Roll With the Changes: Required Lighting and Receptacle Outlets

Each National Electrical Code (NEC) revision cycle seems to result in a multitude of changes in Article 210, Part III, which covers required lighting and receptacle outlets. There are so many changes in each new Code that electrical contractors, electricians and inspectors have a difficult time keeping up. With many jurisdictions skipping a Code cycle or two, especially in a multiplex area, keeping track of the changes can be challenging.

Recently, I taught classes on the 2014 NEC changes and on the 2017 NEC changes for electrical inspectors in the same city. I tell electricians, ECs and inspectors in cities that have skipped a cycle that they may want to take a changes class on the skipped cycle so they can catch up on all of the changes for both the 2014 and 2017 NEC.

In this column, I highlight the changes for receptacles in the 2017 NEC. However, if you are in an area that has skipped a cycle, I advise first reviewing the changes in Part III of the 2014 NEC. Comparing the highlighted text in the 2017 NEC side by side with the 2014 edition will help you totally understand the overall changes and how these changes will affect your next installation. An alternative would be attending a two-day class that covers both editions.

In the 2017 NEC, a major change for dwelling-unit receptacle layout occurred in 210.52(A)(2)(1). The text requires a wall space to include any space measuring 2 feet or more in width (including space measured around corners) and unbroken along the floor line by doorways and similar openings, fireplaces and fixed cabinets that do not have countertops or similar work surfaces. In other words, if the cabinets are fixed and do not have countertops or similar work surfaces, receptacles are not required for those spaces. The change did not specify how deep or how long the countertop or work surface must be, so any countertop or work surface must have a receptacle.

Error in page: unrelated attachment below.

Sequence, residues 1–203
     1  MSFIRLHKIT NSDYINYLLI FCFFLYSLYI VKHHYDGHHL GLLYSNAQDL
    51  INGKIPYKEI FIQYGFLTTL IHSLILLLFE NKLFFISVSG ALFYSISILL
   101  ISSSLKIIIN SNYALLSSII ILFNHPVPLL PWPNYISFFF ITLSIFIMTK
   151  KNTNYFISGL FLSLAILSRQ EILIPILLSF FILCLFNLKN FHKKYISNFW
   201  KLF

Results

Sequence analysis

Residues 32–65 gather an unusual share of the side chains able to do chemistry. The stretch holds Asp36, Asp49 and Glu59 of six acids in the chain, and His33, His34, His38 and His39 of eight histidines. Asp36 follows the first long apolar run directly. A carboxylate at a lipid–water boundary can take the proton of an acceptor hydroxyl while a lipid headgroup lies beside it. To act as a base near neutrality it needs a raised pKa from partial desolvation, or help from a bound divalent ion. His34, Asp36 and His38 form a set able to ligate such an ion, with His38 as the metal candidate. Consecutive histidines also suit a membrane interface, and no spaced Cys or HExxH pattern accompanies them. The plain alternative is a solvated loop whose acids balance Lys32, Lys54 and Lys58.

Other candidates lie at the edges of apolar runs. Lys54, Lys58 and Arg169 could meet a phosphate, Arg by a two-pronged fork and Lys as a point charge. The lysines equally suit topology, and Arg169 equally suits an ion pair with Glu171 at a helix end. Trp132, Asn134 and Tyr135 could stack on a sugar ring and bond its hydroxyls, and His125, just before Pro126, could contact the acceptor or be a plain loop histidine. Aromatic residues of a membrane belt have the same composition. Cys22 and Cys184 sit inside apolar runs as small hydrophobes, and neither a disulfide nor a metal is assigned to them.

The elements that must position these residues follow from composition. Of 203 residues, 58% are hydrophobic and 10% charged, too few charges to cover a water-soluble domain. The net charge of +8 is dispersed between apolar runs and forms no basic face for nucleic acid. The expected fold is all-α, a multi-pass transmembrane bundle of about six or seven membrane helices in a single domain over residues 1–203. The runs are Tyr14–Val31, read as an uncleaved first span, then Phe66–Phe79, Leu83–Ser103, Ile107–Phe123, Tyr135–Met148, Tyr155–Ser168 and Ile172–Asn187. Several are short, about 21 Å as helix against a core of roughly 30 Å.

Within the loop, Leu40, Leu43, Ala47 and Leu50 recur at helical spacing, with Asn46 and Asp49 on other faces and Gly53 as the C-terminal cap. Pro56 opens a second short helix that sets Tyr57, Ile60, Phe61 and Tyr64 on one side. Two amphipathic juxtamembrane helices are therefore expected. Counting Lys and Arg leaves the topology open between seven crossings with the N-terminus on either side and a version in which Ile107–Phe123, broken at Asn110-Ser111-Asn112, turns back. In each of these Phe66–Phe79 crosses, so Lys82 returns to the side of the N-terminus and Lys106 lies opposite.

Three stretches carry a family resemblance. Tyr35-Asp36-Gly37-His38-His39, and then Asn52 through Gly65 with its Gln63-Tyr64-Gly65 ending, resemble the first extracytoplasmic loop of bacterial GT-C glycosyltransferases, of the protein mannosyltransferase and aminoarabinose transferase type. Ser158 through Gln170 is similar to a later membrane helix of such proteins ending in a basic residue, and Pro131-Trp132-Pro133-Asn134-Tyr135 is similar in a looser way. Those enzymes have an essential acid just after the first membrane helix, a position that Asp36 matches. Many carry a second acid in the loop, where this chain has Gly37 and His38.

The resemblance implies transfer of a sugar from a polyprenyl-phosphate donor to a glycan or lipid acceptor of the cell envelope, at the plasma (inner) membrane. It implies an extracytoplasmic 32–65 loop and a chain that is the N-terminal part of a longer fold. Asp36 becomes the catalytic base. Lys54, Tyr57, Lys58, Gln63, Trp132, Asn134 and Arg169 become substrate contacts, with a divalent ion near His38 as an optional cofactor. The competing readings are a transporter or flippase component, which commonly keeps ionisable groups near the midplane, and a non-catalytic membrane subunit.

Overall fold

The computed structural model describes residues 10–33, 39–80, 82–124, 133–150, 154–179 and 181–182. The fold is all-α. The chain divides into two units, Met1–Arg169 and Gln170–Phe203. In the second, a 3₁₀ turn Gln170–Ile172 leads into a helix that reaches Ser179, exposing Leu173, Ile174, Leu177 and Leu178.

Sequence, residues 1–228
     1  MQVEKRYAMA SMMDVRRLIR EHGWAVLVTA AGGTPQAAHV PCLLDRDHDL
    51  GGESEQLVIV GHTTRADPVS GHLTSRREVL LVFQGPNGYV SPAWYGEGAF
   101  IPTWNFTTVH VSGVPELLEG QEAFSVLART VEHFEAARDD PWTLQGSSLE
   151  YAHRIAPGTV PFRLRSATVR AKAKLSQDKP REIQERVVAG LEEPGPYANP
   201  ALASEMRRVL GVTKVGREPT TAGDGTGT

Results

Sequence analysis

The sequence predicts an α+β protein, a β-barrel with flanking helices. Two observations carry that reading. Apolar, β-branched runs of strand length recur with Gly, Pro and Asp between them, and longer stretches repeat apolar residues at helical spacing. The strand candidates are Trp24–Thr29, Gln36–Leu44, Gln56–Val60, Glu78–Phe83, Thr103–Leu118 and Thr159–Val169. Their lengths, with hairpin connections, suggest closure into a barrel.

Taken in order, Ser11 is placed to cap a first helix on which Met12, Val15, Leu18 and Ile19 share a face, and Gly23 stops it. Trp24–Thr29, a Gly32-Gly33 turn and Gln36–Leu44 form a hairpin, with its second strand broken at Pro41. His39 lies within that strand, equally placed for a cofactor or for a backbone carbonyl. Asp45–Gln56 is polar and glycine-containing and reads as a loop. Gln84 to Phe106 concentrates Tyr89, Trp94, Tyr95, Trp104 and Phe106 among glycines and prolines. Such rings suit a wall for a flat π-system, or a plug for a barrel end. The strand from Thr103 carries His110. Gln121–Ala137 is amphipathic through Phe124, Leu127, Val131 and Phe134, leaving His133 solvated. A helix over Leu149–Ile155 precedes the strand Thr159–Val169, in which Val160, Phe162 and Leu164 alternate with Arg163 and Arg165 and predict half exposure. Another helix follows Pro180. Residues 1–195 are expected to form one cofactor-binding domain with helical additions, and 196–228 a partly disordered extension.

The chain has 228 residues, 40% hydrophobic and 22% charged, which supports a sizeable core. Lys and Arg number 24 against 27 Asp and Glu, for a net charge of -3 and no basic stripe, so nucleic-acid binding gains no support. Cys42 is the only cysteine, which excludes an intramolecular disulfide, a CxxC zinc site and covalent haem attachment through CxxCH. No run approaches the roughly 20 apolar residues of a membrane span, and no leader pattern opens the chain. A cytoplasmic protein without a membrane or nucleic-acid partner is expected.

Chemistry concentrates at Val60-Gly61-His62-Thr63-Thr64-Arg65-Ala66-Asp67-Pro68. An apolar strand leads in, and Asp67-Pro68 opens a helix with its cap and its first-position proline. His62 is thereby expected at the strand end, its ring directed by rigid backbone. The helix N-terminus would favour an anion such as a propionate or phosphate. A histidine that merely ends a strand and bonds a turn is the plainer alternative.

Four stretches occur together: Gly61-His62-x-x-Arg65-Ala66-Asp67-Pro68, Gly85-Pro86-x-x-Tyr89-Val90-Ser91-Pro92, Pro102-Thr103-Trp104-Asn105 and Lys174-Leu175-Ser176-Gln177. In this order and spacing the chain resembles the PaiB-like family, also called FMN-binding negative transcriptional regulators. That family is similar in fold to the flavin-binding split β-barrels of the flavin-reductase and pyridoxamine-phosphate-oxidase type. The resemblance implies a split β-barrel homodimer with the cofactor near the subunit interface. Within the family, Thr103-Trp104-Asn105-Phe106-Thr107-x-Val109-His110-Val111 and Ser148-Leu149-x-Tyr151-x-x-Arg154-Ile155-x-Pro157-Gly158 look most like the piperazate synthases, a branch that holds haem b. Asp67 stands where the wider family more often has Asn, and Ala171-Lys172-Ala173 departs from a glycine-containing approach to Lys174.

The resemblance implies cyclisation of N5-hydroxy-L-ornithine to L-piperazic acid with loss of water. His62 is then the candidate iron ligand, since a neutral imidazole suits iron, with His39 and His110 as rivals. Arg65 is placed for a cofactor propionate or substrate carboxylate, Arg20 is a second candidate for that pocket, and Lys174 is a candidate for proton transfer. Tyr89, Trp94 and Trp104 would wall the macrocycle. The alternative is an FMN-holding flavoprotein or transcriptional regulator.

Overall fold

Related to the change that occurred in 210.52(A)(2)(1) was a clarification in 210.8. A paragraph was added that applies to both dwelling-unit and nondwelling-unit ground-fault circuit-interrupter (GFCI) protection for personnel.

This new paragraph states: “For the purposes of this section [210.8], when determining distance from receptacles, the distance shall be measured as the shortest path the cord of an appliance, connected to the receptacle, would follow without piercing a floor, wall, ceiling or fixed barrier, or passing through a door, doorway or window.”

Similar text found in 680.22(A)(5) was adapted for application within 210.8. One of the results of this change is that a receptacle located behind a cupboard door or similar door does not require GFCI protection and fits well with the change in 210.52(A)(2)(1), where fixed cabinets with doors are not required to have receptacles located behind the doors.

The title of 210.52(A)(4) was changed from “Countertop Receptacles” to “Countertop and Similar Work Surface Receptacle Outlets.”

The text within the subsection was changed to: “Receptacles installed for countertop and similar work surfaces as specified in 210.52(C) shall not be considered as the receptacle outlets required by 210.52(A).”

“Work Surfaces” was added to 210.52(C) and (C)(1), so the sections now cover both countertops and other work surfaces. This also ties into what I mentioned in 210.52(A)(2)(1) for fixed cabinets with countertops or other work surfaces. Receptacles are required for countertops and “other work surfaces.”

A change was made to 210.52(B) Exception No. 2, where the base section applied to two or more 20-ampere (A) branch circuits for small appliances in kitchens, pantries, breakfast rooms, dining rooms or similar areas of a dwelling unit. The change states, “In addition to the required receptacles specified by 210.52, a receptacle outlet to service a specific appliance shall be permitted to be supplied from an individual branch circuit rated 15 amperes or greater.”

This was more of a clarification, since certain appliances, such as refrigerators, warming ovens, large built-in mixers, etc., may only require 15A circuits.

Peninsular countertop measurements in 210.52(C)(3) have changed so that the peninsular countertop is now measured from the connected perpendicular wall, rather than from the connecting edge of the base countertop. This clarifies measurements from countertops that may not have a 90-degree connecting edge but raises other questions that the 2020 NEC may deal with.

About the Author

Mark C. Ode

Fire/Life Safety Columnist and Code Contributor
Mark C. Ode is a lead engineering associate for Energy & Power Technologies at Underwriters Laboratories Inc. and can be reached at 919.949.2576 and Mark.C.Ode@ul.com .

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